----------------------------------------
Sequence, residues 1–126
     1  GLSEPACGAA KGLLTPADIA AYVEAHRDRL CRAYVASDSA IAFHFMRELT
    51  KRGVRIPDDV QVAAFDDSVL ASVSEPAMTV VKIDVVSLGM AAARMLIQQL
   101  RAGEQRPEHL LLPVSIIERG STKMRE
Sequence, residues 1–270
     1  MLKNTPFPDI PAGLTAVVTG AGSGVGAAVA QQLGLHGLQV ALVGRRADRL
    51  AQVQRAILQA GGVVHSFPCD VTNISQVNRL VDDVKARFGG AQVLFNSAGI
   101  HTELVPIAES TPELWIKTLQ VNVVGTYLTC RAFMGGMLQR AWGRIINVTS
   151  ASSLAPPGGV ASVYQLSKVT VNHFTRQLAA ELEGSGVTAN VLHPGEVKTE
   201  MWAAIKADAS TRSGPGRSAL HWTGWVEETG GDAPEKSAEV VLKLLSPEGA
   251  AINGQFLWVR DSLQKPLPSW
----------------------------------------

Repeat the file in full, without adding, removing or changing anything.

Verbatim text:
Sequence, residues 1–126
     1  GLSEPACGAA KGLLTPADIA AYVEAHRDRL CRAYVASDSA IAFHFMRELT
    51  KRGVRIPDDV QVAAFDDSVL ASVSEPAMTV VKIDVVSLGM AAARMLIQQL
   101  RAGEQRPEHL LLPVSIIERG STKMRE
Sequence, residues 1–270
     1  MLKNTPFPDI PAGLTAVVTG AGSGVGAAVA QQLGLHGLQV ALVGRRADRL
    51  AQVQRAILQA GGVVHSFPCD VTNISQVNRL VDDVKARFGG AQVLFNSAGI
   101  HTELVPIAES TPELWIKTLQ VNVVGTYLTC RAFMGGMLQR AWGRIINVTS
   151  ASSLAPPGGV ASVYQLSKVT VNHFTRQLAA ELEGSGVTAN VLHPGEVKTE
   201  MWAAIKADAS TRSGPGRSAL HWTGWVEETG GDAPEKSAEV VLKLLSPEGA
   251  AINGQFLWVR DSLQKPLPSW